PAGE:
The 2016 Spring European LCS finals were held at Rotterdam Ahoy in Rotterdam, with G2 winning 3–1 against Origen, making it their first LCS title. The 2016 Spring European LCS split was the first time G2 played in the professional LCS after having been promoted due to winning the European Challenger Series and European Promotion Tournament in Summer 2016.
The 2016 Summer European LCS finals were played at the Tauron Arena in Kraków, Poland. G2 won 3–1 against Splyce and secured their second LCS title. Splyce would later win the 2016 Summer European Gauntlet and qualify for Worlds as the third-seeded European team.
The 2017 Spring European LCS finals were held at the Barclaycard Arena in Hamburg, Germany, where G2 won 3–1 against Unicorns of Love, securing their third LCS title and qualifying for the Mid-Season Invitational (MSI), an annually-held international League of Legends competition. G2 placed second at the MSI 2017, losing 1–3 to SKT T1, the Korean representatives, in the finals. The Summer Split LCS finals took place in Paris at the AccorHotel Arena, where G2 Esports won 3–0 against Misfits Gaming.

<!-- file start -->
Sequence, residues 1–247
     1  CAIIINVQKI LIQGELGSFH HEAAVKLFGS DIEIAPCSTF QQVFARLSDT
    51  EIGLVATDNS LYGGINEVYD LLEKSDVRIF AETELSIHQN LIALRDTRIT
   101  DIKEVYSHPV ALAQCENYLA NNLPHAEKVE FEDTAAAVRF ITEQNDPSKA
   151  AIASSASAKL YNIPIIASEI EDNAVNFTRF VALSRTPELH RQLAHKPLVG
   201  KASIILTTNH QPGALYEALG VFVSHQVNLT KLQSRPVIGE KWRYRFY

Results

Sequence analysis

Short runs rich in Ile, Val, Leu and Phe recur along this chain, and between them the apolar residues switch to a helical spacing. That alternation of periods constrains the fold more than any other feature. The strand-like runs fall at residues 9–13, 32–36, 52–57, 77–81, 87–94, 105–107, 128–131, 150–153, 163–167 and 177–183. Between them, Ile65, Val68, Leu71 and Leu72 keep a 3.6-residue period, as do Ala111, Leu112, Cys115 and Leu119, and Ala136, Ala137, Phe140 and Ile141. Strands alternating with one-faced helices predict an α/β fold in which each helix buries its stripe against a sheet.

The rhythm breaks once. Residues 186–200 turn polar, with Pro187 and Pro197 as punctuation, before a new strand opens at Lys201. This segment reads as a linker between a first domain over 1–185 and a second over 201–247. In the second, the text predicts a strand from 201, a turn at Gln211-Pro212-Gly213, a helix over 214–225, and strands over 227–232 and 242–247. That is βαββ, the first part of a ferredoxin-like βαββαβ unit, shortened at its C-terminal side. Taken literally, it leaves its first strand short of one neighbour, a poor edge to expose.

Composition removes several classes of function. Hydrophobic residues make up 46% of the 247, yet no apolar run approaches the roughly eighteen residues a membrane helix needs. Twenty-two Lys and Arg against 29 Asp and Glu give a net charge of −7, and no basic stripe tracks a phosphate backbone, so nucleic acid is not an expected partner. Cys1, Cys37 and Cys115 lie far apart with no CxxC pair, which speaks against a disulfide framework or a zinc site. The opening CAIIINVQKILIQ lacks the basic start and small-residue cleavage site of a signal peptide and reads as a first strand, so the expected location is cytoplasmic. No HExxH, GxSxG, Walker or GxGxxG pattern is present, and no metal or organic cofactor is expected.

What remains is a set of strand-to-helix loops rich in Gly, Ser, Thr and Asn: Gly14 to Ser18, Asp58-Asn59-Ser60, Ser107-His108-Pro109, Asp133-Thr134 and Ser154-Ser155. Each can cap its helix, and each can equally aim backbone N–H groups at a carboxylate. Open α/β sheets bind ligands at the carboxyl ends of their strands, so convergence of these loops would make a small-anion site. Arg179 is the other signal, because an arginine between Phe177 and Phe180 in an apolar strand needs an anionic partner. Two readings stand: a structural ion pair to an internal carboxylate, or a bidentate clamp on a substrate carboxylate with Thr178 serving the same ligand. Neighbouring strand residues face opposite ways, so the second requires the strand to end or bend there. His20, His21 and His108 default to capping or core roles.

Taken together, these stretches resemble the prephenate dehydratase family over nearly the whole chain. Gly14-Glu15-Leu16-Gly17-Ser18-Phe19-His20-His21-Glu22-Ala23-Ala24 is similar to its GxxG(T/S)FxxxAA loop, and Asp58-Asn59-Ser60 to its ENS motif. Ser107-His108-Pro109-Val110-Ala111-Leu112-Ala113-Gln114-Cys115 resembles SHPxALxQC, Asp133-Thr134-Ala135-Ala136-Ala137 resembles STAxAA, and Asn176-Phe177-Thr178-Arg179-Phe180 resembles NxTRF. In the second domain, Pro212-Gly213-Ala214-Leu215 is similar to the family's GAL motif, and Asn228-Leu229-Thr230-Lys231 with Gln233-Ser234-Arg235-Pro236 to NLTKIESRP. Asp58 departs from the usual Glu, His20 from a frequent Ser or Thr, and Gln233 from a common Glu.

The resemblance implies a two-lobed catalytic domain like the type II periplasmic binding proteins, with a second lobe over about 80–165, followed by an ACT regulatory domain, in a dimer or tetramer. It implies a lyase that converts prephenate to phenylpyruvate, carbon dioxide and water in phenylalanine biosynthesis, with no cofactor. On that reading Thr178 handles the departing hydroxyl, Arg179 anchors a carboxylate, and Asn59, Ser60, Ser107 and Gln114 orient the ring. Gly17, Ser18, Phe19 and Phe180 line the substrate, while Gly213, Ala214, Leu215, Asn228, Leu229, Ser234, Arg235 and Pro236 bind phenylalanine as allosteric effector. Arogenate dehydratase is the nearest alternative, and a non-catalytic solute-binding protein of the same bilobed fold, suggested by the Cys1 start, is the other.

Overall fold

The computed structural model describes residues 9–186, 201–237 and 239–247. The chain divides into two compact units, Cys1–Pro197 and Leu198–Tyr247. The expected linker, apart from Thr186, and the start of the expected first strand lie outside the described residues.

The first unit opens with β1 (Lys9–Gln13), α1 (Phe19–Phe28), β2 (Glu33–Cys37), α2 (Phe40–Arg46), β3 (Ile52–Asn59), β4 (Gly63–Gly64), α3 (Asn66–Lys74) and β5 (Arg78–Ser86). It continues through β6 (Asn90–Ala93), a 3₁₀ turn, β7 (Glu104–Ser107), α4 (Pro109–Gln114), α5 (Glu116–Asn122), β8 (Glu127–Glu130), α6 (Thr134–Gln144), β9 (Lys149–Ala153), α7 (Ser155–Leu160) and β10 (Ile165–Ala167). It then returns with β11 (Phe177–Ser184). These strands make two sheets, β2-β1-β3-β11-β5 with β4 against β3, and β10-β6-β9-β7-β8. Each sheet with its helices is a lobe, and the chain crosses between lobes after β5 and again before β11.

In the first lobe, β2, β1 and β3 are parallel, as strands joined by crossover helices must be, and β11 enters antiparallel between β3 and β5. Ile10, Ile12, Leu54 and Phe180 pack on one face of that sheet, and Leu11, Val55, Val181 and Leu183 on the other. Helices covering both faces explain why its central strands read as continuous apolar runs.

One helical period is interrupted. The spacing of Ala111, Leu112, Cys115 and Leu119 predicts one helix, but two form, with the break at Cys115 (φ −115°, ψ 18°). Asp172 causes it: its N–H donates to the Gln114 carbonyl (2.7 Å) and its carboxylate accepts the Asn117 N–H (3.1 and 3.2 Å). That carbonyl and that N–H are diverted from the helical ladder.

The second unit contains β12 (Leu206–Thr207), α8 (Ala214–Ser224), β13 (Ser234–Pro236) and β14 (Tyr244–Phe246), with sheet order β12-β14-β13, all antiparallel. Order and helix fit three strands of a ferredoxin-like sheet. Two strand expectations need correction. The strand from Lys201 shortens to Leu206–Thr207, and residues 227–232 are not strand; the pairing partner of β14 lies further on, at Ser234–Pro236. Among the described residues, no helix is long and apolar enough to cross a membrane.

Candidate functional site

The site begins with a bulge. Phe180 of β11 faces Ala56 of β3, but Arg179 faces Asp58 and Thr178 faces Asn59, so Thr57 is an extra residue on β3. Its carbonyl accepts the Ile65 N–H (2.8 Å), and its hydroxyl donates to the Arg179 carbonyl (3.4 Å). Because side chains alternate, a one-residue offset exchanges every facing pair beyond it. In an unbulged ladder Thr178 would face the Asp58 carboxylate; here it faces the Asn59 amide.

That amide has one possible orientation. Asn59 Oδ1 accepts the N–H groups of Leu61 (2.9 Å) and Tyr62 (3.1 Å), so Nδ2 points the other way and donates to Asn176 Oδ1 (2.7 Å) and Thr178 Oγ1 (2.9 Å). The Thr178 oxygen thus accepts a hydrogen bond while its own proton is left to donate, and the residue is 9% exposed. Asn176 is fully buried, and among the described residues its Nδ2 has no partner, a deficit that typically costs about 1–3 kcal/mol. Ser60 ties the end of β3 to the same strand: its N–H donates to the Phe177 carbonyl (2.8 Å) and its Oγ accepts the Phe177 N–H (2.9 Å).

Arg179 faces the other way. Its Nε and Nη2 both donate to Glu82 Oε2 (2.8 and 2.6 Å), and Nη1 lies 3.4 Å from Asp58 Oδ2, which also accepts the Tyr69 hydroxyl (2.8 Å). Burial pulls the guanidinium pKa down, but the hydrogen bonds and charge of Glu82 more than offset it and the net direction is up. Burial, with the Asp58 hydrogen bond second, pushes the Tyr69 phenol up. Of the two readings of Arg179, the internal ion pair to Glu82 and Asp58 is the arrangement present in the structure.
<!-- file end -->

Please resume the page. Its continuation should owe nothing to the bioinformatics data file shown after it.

In 2019 the league rebranded from the "Europe League Championship Series" (EU LCS) to the "League of Legends European Championship" (LEC) and began franchising. Following the example of North America's LCS, which franchised a year prior, the LEC selected ten permanent franchise partners, replacing the previous promotion and relegation format. The EU LCS' secondary league, the EU Challenger Series (EUCS), was consequently discontinued and replaced with an independent tournament named European Masters, which features the top teams from Europe's many regional leagues.
In 2020, the league announced via their public Twitter account a partnership with Saudi Arabian city, Neom. Following major community backlash, the partnership was called off the next day. Another two days later, the league's Director of Esports EMEA, Alberto Guerrero, put out a statement apologizing to the community for the partnership decision, with emphasis on apologizing to 'women, LGBTQIA+ individuals, and League of Legends players in the Middle East'.
Since 2023, Turkey, CIS and MENA have merged with Europe region to become a EMEA (Europe, the Middle East and Africa) region. The "League of Legends European Championship" become the "League of Legends EMEA Championship", meaning teams from Turkey and CIS's leagues (TCL, LCL) will no longer get direct slots for the Mid-Season Invitational and the World Championship. TCL will be a qualification of Tier-2 league EMEA Masters.